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  • Writer's pictureDmitry Amelchenko

How to make your Photo-sharing application visible to crawlers.

Updated: Dec 16, 2019

You've just built and launched an anonymous photo sharing app (WiSaw) which has tons of cool pictures.

Now you want to start promoting it to masses to benefit from economy of scale principles.

But, most of your photos do not have text associated with it -- you've got a problem. The search crawlers dwell on text. Text is what they eat. Text is what they want. No text -- no ranking.

One thing you should do is to make it easy for people to comment on photos. This approach always works. The only problem is -- it takes time to build volume. People have to first find your cool app, and then they can start posting photos and commenting on them. In order for users to find your cool service -- photos must have meaningful text already available for crawlers. This is a classical catch 22 dilemma.

So, what is the easy way out of it? How do you bootstrap your service so that it starts appearing in searches?

Wouldn't it be nice, if the computers "understood" what's on your photo and turned it into text? Well, this is exactly what Amazon Rekognition is all about.

It was super easy to add image recognition to the product, so that every new photo would get "rekognized".

As the result "Google Search Console" reports jump in number of indexed pages increased by factor of 20! It went from 90 indexed pages up to 1,779 in few short weeks (yes, it takes time for crawlers to crawl).

Amazon Rekognize service offers recognition in few categories:

We only used the "Object and scene detection", "Text in image", and "Image moderation". What is the likelihood that someone will snap a selfie with a celebrity? Also, since we are building anonymous photo sharing, we felt it's not the best idea to start detecting faces. And after all, you have to pay for every recognition type you invoke separately. Not a whole lot, but it may add up. To process almost 5k images in 3 mentioned categories, we had to pay around $10.

So, how well does "image rekognition" works at this stage?

Let's look at some examples:

Text detection works quite reliable. It will recognize most of the non hand written text. Obviously, adding artistic styling to the text will decrease the accuracy. Also, this service is not to be confused with OCR type of recognition. If you want to convert photos of pages of text, it will not do what you may expect. It will only recognize up to 50 words, which should be enough for what we need -- providing some textual context for web crawlers.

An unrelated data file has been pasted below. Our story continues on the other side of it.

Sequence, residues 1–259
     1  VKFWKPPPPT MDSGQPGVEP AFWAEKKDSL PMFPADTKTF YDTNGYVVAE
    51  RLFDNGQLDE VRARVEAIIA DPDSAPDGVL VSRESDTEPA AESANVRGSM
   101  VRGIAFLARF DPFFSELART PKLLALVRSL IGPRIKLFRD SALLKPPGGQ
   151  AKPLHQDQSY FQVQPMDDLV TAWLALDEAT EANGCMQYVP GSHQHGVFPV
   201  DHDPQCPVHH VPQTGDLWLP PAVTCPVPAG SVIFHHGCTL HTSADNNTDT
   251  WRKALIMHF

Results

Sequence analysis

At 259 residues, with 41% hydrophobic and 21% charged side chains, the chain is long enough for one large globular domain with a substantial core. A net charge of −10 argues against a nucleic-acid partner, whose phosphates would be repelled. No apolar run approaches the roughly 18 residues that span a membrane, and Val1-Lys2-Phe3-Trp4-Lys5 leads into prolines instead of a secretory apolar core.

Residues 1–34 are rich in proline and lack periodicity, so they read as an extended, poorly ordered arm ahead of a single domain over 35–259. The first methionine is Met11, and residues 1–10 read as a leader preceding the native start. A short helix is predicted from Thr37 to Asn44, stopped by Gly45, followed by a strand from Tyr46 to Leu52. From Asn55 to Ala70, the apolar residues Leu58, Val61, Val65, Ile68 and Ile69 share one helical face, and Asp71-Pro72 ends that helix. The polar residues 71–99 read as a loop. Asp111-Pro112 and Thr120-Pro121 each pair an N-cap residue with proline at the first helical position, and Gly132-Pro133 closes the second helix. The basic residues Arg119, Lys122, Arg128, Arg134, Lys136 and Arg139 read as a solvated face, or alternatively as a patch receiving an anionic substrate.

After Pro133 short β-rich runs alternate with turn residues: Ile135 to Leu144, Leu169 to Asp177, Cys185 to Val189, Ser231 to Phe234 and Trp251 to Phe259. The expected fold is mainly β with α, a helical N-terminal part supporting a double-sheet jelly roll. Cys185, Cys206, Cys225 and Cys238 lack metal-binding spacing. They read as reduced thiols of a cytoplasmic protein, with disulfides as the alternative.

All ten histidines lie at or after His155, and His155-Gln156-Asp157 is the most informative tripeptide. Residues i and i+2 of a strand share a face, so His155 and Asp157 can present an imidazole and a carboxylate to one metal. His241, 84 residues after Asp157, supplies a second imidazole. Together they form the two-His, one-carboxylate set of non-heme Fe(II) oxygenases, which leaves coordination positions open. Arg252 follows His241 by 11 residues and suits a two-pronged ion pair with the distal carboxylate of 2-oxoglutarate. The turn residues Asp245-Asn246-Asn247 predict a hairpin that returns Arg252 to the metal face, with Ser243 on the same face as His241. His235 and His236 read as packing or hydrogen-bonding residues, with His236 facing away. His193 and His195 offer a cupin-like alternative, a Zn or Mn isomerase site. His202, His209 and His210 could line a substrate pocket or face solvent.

Objects and scenes detection works well for simple objects. Once you start combining different things, it begins to struggle. For instance, look at the photo below:

It properly recognized that it's some kind of a food. But, it really thinks that it's something sweet.

Note, the "rekognize service" returns a certainty for every guess it makes. We use that to show more certain guesses in larger font. As you can see, the certainty decreases top to bottom. Hopefully, this will also trick the crawlers into ranking pages with "richer" content higher.

Content moderation is a separate category. When we started to build our app (WiSaw), one of the biggest challenges we had to overcome was to get our app approved on the app store. The iTunes would simply refuse to publish the app, because they require content to be moderated. To overcome this, we leaned on community moderation, rather than on company sifting through all the content. We added a "Delete" button to every content you see, even if it was not content you provided. Anyone can post anything, and anyone can delete anything as well. This little trick was sufficient to get passed the stringent rules of Apple. But even then, we want to believe that people are always driven by good intentions, and. if someone starts posting something nasty, someone else will delete it in a snap. But what if we are wrong? Having ability to auto filter content based on ML and AI is a super cool feature we'd like to use some day. Unfortunately, at this stage, it's not very reliable. It may help you to search for content that may potentially need to be moderated. But relying on this service to delete user's photos, we may end up with missing images which would make our users unhappy. Here are few examples of false positives:

Fruit pie is "rekognized" as "Explicit Nudity"? Really?

Here is one more:

Adult toys?

Nudity when it's just a cup holder?

What would you think about two ladies peacefully bird watching through their binoculars in Arboretum park? AI thinks this post contains "Violence" and "Weapon Violence":

So, it's getting there, some day. For now -- it's only good for providing some text over images, just enough to get crawlers excited about your anonymous photo sharing app.



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